SEIU’s FFFE: a lot of expensive nothing, apparently

In my recent posts on the Wisconsin results and the dire crisis of organized labor, I argued among other things that unions must fight for the broad working class and not just their shrinking memberships if they’re ever going to turn things around. Some people who disagreed with me claimed that unions were already doing that. Example offered were the AFL-CIO’s Working America program the SEIU’s Fight for a Fair Economy. [Ed. note: I’d originally said that Working America was one word, a la high-tech branding, but it’s two. Sorry.] So what are… Read More

Profitability: high, and maybe past its peak?

As every Marxist schoolchild knows, the profits “call the tune” for the capitalist economy, as Michael Roberts put it recently. He writes: Despite the very high mass of profit that has been generated since the economic recovery began, the rate of profit stopped rising in 2011.  That’s a sign that the US capitalist economy will not achieve any significant sustainable growth over the next year so so.  The rate remains below the peak of 1997.  But the rate is clearly higher than in was in the late 1970s and early 1980s at… Read More

Fresh audio product

Just posted to my radio archives: June 21, 2012 Yanis Varoufakis, now economist in residence at Valve Software, on the Greek elections and the reasons for German Sturheit • Amber Hollibaugh, co-director of Queers for Economic Justice, and Kenyon Farrow, former director of QEJ, on the New Queer Agenda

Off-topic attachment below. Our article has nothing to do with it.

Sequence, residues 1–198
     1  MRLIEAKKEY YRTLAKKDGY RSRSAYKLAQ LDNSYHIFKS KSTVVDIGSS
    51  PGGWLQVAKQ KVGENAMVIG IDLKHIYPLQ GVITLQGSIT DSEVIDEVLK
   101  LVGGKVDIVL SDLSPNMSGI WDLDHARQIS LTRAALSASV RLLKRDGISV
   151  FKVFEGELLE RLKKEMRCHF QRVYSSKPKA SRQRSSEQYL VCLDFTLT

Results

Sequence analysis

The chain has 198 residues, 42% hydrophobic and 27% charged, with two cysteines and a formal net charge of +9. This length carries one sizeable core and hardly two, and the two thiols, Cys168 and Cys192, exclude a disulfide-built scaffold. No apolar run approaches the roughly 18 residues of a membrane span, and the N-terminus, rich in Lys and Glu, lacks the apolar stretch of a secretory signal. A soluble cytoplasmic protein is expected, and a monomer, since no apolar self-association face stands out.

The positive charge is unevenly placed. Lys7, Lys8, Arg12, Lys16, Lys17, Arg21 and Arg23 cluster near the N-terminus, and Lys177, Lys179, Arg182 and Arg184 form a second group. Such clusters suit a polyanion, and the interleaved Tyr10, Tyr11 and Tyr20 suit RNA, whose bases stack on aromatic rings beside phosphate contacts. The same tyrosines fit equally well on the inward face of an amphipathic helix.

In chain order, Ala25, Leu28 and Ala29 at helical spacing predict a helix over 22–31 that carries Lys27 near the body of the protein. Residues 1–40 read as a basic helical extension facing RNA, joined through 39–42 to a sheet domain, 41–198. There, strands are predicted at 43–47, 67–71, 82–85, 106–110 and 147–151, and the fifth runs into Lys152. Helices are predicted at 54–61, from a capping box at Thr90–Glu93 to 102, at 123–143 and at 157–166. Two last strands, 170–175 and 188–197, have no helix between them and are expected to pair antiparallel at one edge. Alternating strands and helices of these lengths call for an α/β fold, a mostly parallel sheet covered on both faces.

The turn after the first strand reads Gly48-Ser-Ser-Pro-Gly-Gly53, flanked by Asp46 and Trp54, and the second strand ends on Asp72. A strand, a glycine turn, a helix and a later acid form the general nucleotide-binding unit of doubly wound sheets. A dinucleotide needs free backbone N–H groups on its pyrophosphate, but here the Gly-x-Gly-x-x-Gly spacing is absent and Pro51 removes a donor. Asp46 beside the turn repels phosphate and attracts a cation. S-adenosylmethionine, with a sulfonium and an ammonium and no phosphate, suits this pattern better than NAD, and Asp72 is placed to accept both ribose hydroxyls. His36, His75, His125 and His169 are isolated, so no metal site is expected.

From the vault: money and the mind, a psychoanalysis

[Related topics came up earlier today on the Facebook, so I thought I’d post this excerpt from my book Wall Street (Verso, 1996/1997). You can download the whole book for free here. For a more “economic” analysis of money and gold, see From the vault: the gold fetish.] Money, mind, and matter: a psychocultural digression  Money is a kind of poetry. — Wallace Stevens (1971, p. 165) Who drinks on credit gets twice as drunk. — Turkish proverb One virtue of Keynes’s attention to psychology and sentiment is that it forces us to think about economics… Read More

Sam Gindin on the crisis in labor

[This is a lightly edited transcript of my interview with Sam Gindin, first broadcast on June 14, 2012. The audio is here. Thanks a million to Andrew Loewen for doing the transcription.] My next guest is the excellent Sam Gindin. Sam is an economist who spent more than 20 years in the Canadian Auto Workers (CAW) Union, first as a researcher and then as an adviser to the president. He retired from the CAW in 2000 and has since been teaching in the wonderful political science department at York University, Toronto. He… Read More

My chat with Adam Davidson